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Company Overview of U.S. Department of Justice
U.S. Department of Justice provides legal services. It focuses on enforcement of the law and defends the interests of the United States, punishment for those guilty of unlawful behavior, and fair and impartial administration of justice for all americans. The organization is based in Washington, District of Columbia.
950 Pennsylvania Avenue NW
Washington, DC 20530-0001
Founded in 1870
Key Executives for U.S. Department of Justice
Chief of Staff and Counsel
Deputy Assistant Attorney General
Principal Deputy Assistant Attorney General
Assistant Attorney General
Compensation as of Fiscal Year 2014.
U.S. Department of Justice Key Developments
Justice Department Charges FedEx Corporation in Drug-Shipping Investigation
Jul 18 14
FedEx Corp. was indicted with federal prosecutors alleging the company had lax controls on pharmaceutical shipments. The charges against FedEx stems from a years-long investigation by the U.S. Department of Justice and the Drug Enforcement Administration - the same investigation that resulted in a $40 million settlement by Atlanta-based United Parcel Service last year. Prior to the indictment, FedEx disclosed that it previously responded to grand jury subpoenas. If found guilty of charges that include conspiracy to distribute controlled substances, the Journal notes, FedEx faces a potential fine of $1.6 billion, plus restitution and forfeiture of profits - double what prosecutors say the company made on shipping the drugs.
Citigroup Reaches $7 Billion Settlement with Justice Department and Federal Deposit Insurance Corp
Jul 14 14
Citigroup has reached a $7 billion settlement with the Justice Department for packaging and selling bad mortgages in the run-up to the financial crisis of 2008. The penalty includes $4 billion to be paid to the Justice Department. Despite the fact that Citigroup learned of serious and widespread defects among the increasingly risky loans they were scrutinizing, the bank and its employees concealed these defects. The bank's conduct was egregious. And under terms of this settlement, the bank has admitted to its misdeeds in great detail. Citi will pay $500 million to state attorneys general and the Federal Deposit Insurance Corp. The remaining $2.5 billion will be used to help customers struggling with mortgage and other problems. The company also has now resolved substantially all of the legacy RMBS and CDO litigation.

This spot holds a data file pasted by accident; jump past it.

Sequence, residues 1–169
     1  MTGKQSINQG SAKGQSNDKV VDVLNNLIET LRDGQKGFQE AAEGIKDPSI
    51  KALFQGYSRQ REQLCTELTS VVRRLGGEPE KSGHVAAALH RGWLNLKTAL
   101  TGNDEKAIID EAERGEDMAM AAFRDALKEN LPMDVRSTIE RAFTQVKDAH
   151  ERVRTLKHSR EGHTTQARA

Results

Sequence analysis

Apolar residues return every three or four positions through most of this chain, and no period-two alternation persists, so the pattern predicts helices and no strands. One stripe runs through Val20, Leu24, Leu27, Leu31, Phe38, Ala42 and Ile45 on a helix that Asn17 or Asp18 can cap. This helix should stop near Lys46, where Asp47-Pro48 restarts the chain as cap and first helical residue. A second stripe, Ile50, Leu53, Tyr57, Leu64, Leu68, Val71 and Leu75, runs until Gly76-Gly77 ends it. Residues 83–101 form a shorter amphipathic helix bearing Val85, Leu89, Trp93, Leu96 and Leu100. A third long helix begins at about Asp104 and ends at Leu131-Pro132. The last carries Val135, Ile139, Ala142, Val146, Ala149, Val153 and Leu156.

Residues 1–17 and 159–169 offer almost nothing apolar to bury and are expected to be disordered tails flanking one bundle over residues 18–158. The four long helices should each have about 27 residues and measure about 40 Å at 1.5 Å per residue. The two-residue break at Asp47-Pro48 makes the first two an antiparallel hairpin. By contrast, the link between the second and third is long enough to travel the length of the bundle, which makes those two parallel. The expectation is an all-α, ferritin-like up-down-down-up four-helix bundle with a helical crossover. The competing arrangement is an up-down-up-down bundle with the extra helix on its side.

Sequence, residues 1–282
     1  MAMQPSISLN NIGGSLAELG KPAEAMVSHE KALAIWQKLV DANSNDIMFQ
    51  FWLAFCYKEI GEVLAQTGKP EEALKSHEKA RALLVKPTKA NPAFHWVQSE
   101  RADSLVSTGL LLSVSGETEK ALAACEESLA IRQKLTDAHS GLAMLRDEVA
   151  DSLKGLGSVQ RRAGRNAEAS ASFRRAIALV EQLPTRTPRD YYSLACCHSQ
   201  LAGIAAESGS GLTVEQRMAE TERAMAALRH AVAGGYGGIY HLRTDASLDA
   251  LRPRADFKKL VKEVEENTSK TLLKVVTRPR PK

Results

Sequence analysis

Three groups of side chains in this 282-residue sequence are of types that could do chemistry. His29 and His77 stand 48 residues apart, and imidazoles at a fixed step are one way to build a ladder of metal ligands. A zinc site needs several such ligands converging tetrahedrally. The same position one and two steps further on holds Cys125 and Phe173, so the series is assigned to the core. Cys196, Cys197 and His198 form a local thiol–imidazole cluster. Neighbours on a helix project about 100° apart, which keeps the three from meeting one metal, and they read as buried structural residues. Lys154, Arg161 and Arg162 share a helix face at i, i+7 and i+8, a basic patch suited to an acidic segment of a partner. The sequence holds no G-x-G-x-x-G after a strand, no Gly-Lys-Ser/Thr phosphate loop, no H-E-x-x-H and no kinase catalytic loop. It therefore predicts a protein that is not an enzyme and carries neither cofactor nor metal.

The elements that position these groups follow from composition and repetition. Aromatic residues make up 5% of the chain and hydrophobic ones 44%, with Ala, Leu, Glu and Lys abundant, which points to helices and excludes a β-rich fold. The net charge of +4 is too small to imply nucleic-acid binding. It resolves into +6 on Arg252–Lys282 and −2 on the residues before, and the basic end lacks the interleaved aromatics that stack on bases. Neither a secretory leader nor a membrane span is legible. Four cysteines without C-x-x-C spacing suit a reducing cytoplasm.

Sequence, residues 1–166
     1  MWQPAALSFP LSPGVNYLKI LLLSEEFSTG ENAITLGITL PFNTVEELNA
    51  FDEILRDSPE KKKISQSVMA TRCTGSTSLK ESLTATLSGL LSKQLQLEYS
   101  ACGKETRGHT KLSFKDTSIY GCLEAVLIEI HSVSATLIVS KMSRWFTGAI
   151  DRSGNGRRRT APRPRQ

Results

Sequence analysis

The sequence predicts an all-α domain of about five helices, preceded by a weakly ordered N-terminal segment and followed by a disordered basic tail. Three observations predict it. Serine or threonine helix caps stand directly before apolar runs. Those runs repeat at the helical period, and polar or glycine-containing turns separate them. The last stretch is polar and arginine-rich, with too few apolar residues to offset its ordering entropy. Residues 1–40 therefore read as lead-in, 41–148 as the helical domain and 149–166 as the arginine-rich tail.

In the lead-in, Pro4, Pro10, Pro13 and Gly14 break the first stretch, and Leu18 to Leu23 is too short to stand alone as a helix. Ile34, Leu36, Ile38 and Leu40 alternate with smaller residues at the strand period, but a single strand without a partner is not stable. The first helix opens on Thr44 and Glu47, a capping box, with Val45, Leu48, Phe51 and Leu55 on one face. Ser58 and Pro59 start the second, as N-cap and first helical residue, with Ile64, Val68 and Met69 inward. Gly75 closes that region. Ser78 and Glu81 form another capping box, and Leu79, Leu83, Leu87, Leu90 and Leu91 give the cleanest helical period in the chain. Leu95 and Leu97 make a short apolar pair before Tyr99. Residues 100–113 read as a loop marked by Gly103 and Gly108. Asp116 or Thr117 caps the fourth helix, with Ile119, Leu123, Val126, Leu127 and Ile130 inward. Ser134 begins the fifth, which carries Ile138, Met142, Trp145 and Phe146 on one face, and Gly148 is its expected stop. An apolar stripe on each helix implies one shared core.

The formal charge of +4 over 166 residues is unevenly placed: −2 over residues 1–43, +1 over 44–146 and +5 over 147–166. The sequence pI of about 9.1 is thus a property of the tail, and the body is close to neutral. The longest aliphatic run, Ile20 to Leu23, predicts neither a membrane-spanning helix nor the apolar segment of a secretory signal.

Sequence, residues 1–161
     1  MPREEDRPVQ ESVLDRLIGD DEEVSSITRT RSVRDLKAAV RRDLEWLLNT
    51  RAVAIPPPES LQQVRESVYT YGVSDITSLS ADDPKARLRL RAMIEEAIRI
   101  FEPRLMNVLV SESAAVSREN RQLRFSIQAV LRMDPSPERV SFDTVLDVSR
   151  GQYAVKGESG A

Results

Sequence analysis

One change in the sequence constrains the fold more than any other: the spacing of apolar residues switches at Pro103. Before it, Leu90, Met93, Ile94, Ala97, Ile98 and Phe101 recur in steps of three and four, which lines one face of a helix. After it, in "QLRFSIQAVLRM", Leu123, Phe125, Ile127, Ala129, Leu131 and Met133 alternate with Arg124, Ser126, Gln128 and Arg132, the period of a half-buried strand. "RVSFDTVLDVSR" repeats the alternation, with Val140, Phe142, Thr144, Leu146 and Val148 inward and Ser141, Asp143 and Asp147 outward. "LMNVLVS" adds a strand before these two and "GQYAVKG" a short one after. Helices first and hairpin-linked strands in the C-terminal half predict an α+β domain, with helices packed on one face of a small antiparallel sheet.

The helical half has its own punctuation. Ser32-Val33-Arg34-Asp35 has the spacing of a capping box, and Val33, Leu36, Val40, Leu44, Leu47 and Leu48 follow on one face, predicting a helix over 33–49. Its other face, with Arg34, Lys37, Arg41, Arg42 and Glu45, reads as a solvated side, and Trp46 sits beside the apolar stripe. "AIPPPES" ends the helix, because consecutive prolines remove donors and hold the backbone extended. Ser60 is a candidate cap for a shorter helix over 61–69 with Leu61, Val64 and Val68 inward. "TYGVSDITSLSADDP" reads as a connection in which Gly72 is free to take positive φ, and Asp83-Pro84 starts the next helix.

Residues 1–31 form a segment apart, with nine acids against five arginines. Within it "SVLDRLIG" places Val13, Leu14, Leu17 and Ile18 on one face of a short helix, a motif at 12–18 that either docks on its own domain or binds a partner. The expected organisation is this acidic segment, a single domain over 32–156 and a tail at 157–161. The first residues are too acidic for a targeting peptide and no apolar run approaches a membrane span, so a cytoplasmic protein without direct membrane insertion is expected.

Suntrust Mortgage, Inc. Reaches $320 Million Settlement with U.S. Department of Justice on Home Affordable Modification Program Mishandling
Jul 3 14
SunTrust Mortgage, Inc. agreed to a $320 million settlement with the U.S. Department of Justice to resolve a criminal probe into SunTrust's administration of the Home Affordable Modification Program or HAMP. SunTrust is charged of misleading several mortgage servicing customers who sought mortgage relief through HAMP in 2009 and 2010. It made material misrepresentations and omissions to borrowers in HAMP solicitations, and failed to process HAMP applications in a timely fashion. It was unwilling to put resources into HAMP despite holding billions in Troubled Asset Relief Program or TARP funds. The investigation of the case was conducted by the U.S. Attorney's Office for the Western District of Virginia, the Office of the Special Inspector General for the TARP, and the Office of the Inspector General for the Federal Housing Finance Agency (FHFA) and the U.S. Postal Inspection Service. The investigators found that SunTrust put piles of unopened homeowners' HAMP applications in a room, with the floor actually buckling under the sheer weight of unopened document packages. The documents and paperwork were lost, and homeowners were improperly foreclosed upon. The mismanagement of the HAMP program by SunTrust led to homeowners who applied for a HAMP modification with it suffering serious financial harms. SunTrust has conceded that their HAMP program had numerous deficiencies and has harmed a significant amount of homeowners. As part of the settlement, SunTrust will pay up to $284 million in restitution directly to the victims of SunTrust's conduct. It will also establish a $20 million grant fund which will be distributed to agencies working with distressed homeowners and provide $16 million in asset forfeiture funds that will be used by law enforcement for future mortgage fraud investigations. Additionally, SunTrust has also agreed to implement specific changes in its operations designed to prevent similar problems in the future. It will increase loss mitigation staff, monitor their mortgage modification process, and provide semi-annual reports regarding compliance with the agreement. This comes close on the heels of SunTrust's near $1 billion settlement reached with the Department of Justice to resolve mortgage issues. It agreed to pay $968 million, $468 million in fines and $500 million in consumer relief, to resolve certain legacy mortgage matters with the U.S. Department of Housing and Urban Development and the U.S. Department of Justice. The settlement was related to claims on SunTrust's origination of FHA-insured mortgages and SunTrust's portion of the National Mortgage Servicing Settlement.
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